August 28, 2007


This article needs no introduction. Just go read it.
My Cousin Frankie

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August 26, 2007


A man affectionately called "Grandpa Rambo" is deploying to Iraq. He's been trying to get there for two years. His wife's reaction is so cute; it reminds me of that old couple on the airplane:

HorneÂ’s wife Sydney West, also a public defender, said he gave her no advance notice of his decision to re-enlist, and she wasnÂ’t surprised that he opted for a combat job over anything else, including putting his legal background to use.

“I wouldn’t think he’d want to go over there to write wills,” she told the newspaper. “If he gets back alive, I’m going to kill him.”

But here's how this feel-good article ended:

As for those who might call him irresponsible for heading off to combat with two children at home, Horne said: “I can’t think of a better example to set for them.”

Good for Grandpa Rambo for answering that question the only way you can. Irresponsible? About half of people in Iraq and Afghanistan right now have children. Are we really suggesting that everyone in the armed forces is irresponsible for putting their country before their children? We wouldn't have an Army if that were the case.

Can we please stop hiding anti-military sentiment behind nonsense phrases like "As for those who might call him" (blank)? You call him that, weinery reporter, or give a full quote where he addresses the topic. Stop hiding your bias behind phrases like "some people think."

(Thanks to Conservative Grapevine for the link.)

Posted by: Sarah at 04:31 AM | Comments (3) | Add Comment
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August 20, 2007


CaliValleyGirl found a great article on Iraq translated from German. It's quite long, but worth the read. And, as she says, it's even-handed. It starts with

Ramadi is an irritating contradiction of almost everything the world thinks it knows about Iraq -- it is proof that the US military is more successful than the world wants to believe. Ramadi demonstrates that large parts of Iraq -- not just Anbar Province, but also many other rural areas along the Tigris and Euphrates Rivers -- are essentially pacified today. This is news the world doesn't hear: Ramadi, long a hotbed of unrest, a city that once formed the southwestern tip of the notorious "Sunni Triangle," is now telling a different story, a story of Americans who came here as liberators, became hated occupiers and are now the protectors of Iraqi reconstruction.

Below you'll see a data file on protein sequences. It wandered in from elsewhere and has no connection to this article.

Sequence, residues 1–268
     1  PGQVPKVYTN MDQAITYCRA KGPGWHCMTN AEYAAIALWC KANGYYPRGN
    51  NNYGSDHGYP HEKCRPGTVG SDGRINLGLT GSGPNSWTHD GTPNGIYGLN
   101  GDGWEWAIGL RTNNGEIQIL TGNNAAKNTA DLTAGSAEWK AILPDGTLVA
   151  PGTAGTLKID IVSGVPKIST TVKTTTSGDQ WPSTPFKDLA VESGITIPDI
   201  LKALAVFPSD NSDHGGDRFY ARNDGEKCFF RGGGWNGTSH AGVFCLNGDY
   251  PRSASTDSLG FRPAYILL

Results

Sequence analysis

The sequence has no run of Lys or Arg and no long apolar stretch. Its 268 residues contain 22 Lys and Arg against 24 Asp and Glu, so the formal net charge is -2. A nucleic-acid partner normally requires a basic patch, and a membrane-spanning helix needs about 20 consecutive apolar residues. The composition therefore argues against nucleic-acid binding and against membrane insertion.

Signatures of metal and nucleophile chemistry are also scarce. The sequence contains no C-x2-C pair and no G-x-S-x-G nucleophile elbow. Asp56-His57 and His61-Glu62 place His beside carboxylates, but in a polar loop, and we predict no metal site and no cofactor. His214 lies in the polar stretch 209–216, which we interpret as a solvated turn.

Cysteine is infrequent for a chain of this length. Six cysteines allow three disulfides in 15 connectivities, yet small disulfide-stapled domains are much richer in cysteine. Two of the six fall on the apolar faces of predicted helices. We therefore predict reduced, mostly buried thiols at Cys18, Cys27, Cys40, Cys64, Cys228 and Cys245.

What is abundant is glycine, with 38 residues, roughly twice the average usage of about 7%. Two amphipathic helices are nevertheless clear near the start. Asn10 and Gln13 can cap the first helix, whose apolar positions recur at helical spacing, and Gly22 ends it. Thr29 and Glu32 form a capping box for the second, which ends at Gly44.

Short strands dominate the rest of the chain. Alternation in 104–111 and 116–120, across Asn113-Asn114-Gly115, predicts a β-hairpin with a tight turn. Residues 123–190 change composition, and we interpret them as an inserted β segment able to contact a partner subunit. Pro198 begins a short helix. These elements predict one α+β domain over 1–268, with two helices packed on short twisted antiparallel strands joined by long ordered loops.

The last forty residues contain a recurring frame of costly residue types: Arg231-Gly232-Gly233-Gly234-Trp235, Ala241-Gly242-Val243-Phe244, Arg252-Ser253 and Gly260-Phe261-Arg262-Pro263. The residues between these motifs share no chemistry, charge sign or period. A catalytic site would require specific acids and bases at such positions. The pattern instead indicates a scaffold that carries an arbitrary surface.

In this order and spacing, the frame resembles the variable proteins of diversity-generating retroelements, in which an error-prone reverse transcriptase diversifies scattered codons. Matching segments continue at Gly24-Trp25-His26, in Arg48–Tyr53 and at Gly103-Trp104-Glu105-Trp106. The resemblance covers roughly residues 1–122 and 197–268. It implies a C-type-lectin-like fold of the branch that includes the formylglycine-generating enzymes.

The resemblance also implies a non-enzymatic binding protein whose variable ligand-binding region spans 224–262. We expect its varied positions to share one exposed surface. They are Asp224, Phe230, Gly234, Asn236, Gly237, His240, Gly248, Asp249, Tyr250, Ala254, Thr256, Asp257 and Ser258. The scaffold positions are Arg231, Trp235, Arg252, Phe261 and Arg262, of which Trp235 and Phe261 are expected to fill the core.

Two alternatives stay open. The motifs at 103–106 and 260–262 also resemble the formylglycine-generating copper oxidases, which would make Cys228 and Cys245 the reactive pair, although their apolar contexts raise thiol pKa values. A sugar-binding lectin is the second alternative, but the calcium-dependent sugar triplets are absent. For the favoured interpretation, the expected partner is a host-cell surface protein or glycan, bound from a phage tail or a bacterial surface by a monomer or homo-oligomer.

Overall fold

and gets both better and worse from there. Please go read it.

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I know everyone's BS detector is running on high after Scott Beauchamp, so maybe I'm treading heavily. But I'm puzzled by a Newsweek article on MSNBC today. The reporter's cousin just came home from Iraq, so a homecoming article was in order. It seemed like an ordinary tale of happiness and relief until she delineated her family's fears during the previous year. And then this odd paragraph appeared:

I’d read reports of some female soldiers allegedly being raped by Iraqi insurgents—some 50 to 75 rapes, according to The New York Times. Alexia assured us that several male soldiers had volunteered to walk her home after she stood post at night. But that reassurance still couldn’t erase the images of assaults, bombs and corpses.

In the quiet words of the Virgin Mary...come again?

A google search of "raped by insurgent" brought nothing but tales from Sierra Leone. A search of "raped by Iraqi" brought horrible tales from Iraqi women, and a hit on Jessica Lynch. But aside from her, do you know of any story of a captured female coalition soldier who was raped? Who are these 50-75 women and how are they getting raped in Iraq? Getting raped by an insurgent means getting caught and captured, and I don't remember hearing about this. Please point me in the direction of the stories if I have missed them, but for now I remain completely puzzled.

My husband also pointed out that an escort on the way home from the guard tower wouldn't exactly prevent insurgent rape. Soldier-on-soldier crime, perhaps, but surely these insurgents are not scaling the walls and raping American females on duty. Something is just not right here.

I also find it hard to believe there are heat-of-the-battle rapes going on in Iraq, where females are getting raped while their male counterparts are too busy firing at the bad guys. We certainly would've heard of this, right? It's the anti-war left's dream story.

If you can find this Times article or any leads on such rape stories, please let me know. Until then, I'm having a hard time believing insurgents are raping our female soldiers and getting away with it.

Posted by: Sarah at 07:27 AM | Comments (7) | Add Comment
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